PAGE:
The European Commission has published today a proposal for a Regulation amending Regulation (EC) No 469/2009 concerning the supplementary protection certificate (SPC) for medicinal products. The proposal introduces a so-called “export manufacturing waiver”, an exception to the SPC system in relation to exports to third countries (outside the EU). Due to the waiver, EU-based companies will be entitled to manufacture a generic or biosimilar version of an SPC-protected medicine during the term of the certificate if it is exclusively intended for export to a non-EU market where protection has expired or never existed. The proposal is accompanied by a press release and an FAQs document.

This important development follows a long debate opposing the innovative pharmaceutical industry and generic/biosimilar manufacturers on the impact of intellectual property on access, medicines prices and jobs in the EU. In its press release, the Commission underlines that intellectual property rights are a key driver for innovation and insists how this “balanced, proportionate and well-calibrated” initiative only provides for a “limited exception” to the rights currently exercised by SPC holders. SPCs will continue to extend patent rights in the EU for a maximum of five years, and SPC protected medicines will retain their full market exclusivity in the EU.

The proposal provides a number of safeguards which, according to the Commission, will ensure transparency and prevent SPC-infringing products from entering EU Member State markets:

  • Notification requirement: Companies manufacturing SPC protected medicines for export will be required to notify the competent authorities, and the information contained in that notification will be made public.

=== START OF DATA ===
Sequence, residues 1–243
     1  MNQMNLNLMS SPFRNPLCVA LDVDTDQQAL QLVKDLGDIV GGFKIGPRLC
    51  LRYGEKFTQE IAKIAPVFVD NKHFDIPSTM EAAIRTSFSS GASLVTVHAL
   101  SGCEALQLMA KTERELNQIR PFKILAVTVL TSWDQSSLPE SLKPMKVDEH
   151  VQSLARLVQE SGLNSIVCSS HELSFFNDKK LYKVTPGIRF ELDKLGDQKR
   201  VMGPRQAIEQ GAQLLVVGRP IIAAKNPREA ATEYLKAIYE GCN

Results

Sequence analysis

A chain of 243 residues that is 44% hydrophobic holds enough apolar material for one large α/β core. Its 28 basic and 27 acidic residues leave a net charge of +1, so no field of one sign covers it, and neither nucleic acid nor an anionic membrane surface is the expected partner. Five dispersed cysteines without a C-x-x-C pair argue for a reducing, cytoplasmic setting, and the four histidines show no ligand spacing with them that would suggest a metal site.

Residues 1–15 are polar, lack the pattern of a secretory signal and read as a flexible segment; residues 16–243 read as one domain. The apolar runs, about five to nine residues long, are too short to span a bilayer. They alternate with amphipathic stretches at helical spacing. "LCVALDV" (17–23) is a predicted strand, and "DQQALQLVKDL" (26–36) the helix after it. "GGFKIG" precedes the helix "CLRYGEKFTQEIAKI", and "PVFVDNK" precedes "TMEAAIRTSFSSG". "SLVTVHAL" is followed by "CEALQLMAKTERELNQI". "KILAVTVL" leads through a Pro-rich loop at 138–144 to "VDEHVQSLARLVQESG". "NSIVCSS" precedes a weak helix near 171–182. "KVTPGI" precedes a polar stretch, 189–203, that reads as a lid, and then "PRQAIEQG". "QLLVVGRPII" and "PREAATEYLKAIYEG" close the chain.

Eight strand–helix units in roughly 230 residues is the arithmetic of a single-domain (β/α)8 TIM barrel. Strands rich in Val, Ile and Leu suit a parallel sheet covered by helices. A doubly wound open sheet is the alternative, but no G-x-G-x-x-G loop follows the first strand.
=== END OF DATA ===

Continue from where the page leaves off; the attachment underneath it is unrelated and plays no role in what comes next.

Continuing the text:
• Due diligence requirement: There will be a requirement on the manufacturer to inform its supply chain that the products in question are only for export.
  • Labelling obligation: Any export of SPC-protected products outside the EU will be subject to compliance with a specific labelling requirement, involving affixing a logo.

The proposal still needs be adopted by the European Parliament and the Council. Once adopted, the Regulation will be directly applicable in all EU Member States, though the legislative change should only apply to SPCs that are granted after the entry into force of the Regulation.

The innovative pharmaceutical industry – rightfully – remains concerned about the possible impact of the proposal as changing any part of the carefully constructed framework (aimed at restoring some of the patent life that is lost during research and regulatory processes) may destabilise the incentives system in Europe. Indeed, today the European Commission also published an analysis of the incentives, rewards and SPC framework led by Copenhagen Economics, which amongst others concludes that the effective protection period for medicines decreased from 15 years to 13 years between 1996 and 2016, and that “a reduction of the effective protection period will negatively affect the investments in research and development in the EU [but also] outside the EU.” The study further concludes that “one cannot exploit the regulation around protection to get the best of both worlds; more innovative medicinal products and faster generic entry to push down prices. A first best policy path seems to be one where the trade off is circumvented. It would be ideal to secure a sufficient period of protection and reduce uncertainties associated with developing medicinal products in order to incentivise innovation, while finding other ways of curbing high prices.”